But then, I may be putting words in Twombly’s mouth. For a long time, we have been warned not to take Twombly’s words too seriously—neither his classicizing titles nor the many proper names and scraps of verse scribbled on the canvases themselves. Instead, we are instructed to pay attention to the gesture behind them—its ease, freedom or indolence in the early work, its athleticism and violence in the last paintings. In short, look at the mark, not the sign. It was Roland Barthes brilliant suggestion that while Twombly’s words suggest, conjure and connect, they do not denote. Twombly’s drawings to Virgil consist of “nothing but the Name.” They may call up a world—beautifully conjured by Barthes as “an era of bygone, calm, leisurely, even decadent studies: English preparatory schools, Latin verses, desks, lamps, tiny pencil annotations”—but they do not depict it.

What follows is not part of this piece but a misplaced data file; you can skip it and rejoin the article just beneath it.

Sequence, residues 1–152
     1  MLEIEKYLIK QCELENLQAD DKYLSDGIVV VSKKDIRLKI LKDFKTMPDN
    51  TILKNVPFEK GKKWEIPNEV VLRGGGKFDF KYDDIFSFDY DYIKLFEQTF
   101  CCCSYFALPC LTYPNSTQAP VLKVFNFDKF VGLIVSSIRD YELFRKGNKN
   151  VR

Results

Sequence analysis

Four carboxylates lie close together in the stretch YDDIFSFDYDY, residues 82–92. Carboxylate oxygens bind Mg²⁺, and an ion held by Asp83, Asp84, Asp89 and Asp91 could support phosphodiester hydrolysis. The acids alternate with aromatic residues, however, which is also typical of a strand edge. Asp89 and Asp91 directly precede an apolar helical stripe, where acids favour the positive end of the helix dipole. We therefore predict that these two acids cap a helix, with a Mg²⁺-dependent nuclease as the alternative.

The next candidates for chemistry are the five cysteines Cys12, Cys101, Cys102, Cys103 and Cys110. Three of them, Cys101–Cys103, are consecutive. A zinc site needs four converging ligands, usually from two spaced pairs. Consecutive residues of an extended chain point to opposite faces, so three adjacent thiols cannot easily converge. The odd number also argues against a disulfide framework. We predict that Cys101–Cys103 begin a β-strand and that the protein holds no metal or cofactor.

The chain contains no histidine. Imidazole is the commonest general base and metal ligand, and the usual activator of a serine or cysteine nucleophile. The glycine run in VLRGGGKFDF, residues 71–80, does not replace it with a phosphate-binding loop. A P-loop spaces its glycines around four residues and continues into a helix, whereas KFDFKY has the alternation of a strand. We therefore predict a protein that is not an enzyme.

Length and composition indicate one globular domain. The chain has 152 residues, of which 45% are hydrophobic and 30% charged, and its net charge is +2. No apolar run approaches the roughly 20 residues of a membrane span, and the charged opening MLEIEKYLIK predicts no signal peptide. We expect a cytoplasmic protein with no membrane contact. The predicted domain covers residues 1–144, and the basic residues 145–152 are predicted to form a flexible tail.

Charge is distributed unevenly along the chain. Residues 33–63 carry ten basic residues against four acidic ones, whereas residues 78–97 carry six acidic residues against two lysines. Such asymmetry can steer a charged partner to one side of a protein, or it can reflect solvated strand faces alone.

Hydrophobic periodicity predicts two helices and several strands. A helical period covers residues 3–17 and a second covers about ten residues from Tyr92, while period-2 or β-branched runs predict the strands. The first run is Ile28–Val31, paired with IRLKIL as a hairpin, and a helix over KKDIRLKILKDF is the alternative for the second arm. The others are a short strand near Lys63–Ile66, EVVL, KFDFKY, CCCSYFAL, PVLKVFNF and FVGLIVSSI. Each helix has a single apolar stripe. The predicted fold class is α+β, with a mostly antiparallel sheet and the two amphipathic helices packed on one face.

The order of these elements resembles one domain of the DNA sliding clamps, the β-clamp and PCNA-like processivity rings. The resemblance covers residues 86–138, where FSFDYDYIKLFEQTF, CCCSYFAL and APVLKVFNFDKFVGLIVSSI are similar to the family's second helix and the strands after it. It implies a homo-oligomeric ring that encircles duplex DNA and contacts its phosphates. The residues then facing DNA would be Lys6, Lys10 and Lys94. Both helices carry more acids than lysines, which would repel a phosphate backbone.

But it may be time to give up this vision of Twombly as trickster saint, subverting the pretensions of his abstract expressionist godparents with his own brand of heroic dandyism, which sustains it. This is not to say that it was never true—just that it can’t make sense of the whole of his career. In his final twenty years, Twombly’s work became increasingly monumental, with the vast series dedicated to the Battle of Lepanto, the Coronation of Sesostris, Bacchus, Peonies and Roses. These are paintings of flowers and boats, burnings ships and barges headed for the underworld, gorgeous ruins, frenzied dances and unfolding disasters. They happen after: after the cities have burned, after the gods have fled, after the lovers drowned, after the poets died.